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Often, family members caring for an elder with Alzheimer’s worry whether they are truly meeting their loved one’s needs. The disease is complex and causes changes that can be hard to cope with. And, it can be tough to communicate with a senior with Alzheimer’s disease who may have lost much of their traditional communication skills.
Whether it is a planned stay or a sudden trip to the emergency room, being hospitalized is frightening and stressful at any age. The discomfort associated with an illness or injury, and the uncertainty of what comes next, is unsettling. For a senior who has Alzheimer’s disease, a hospital admission can be even more difficult.
Caring for a senior who has Alzheimer’s disease can be very rewarding, but it also may present some challenging moments. This is especially true when the older adult’s verbal communication skills have diminished.
When an older adult has Alzheimer’s disease or a similar form of dementia, engaging in productive activities can help them feel empowered and independent. Both are vital to adults who can sometimes feel less in control of their everyday life.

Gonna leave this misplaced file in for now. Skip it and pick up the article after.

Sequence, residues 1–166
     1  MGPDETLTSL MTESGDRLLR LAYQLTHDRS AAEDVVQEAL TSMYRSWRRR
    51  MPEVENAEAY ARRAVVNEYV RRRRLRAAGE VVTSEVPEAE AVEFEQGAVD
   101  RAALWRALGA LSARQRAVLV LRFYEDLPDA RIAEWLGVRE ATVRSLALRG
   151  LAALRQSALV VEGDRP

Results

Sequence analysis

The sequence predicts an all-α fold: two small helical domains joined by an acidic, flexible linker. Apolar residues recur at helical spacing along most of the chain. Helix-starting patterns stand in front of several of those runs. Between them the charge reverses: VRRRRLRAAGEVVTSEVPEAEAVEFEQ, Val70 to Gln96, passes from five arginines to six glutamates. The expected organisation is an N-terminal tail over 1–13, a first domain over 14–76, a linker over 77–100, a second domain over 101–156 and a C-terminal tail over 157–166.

If an older adult in your life has Alzheimer’s disease, you may have already noticed how their environment impacts their behavior. Too much noise and confusion can increase agitation. By contrast, an orderly, peaceful environment may help the senior feel more relaxed.
When a family elder has Alzheimer’s disease, safety is a leading concern for loved ones. Because the disease typically causes memory loss and impaired judgment, finding discreet, noninvasive ways to keep a senior loved one safe is important. In recent years, technology has made that easier.
What if you had Alzheimer’s disease, but didn’t know it?
Music can help us reconnect with some of life’s fondest moments, such as a high school dance or your wedding. For older adults who have dementia, music can be a means of reminiscing.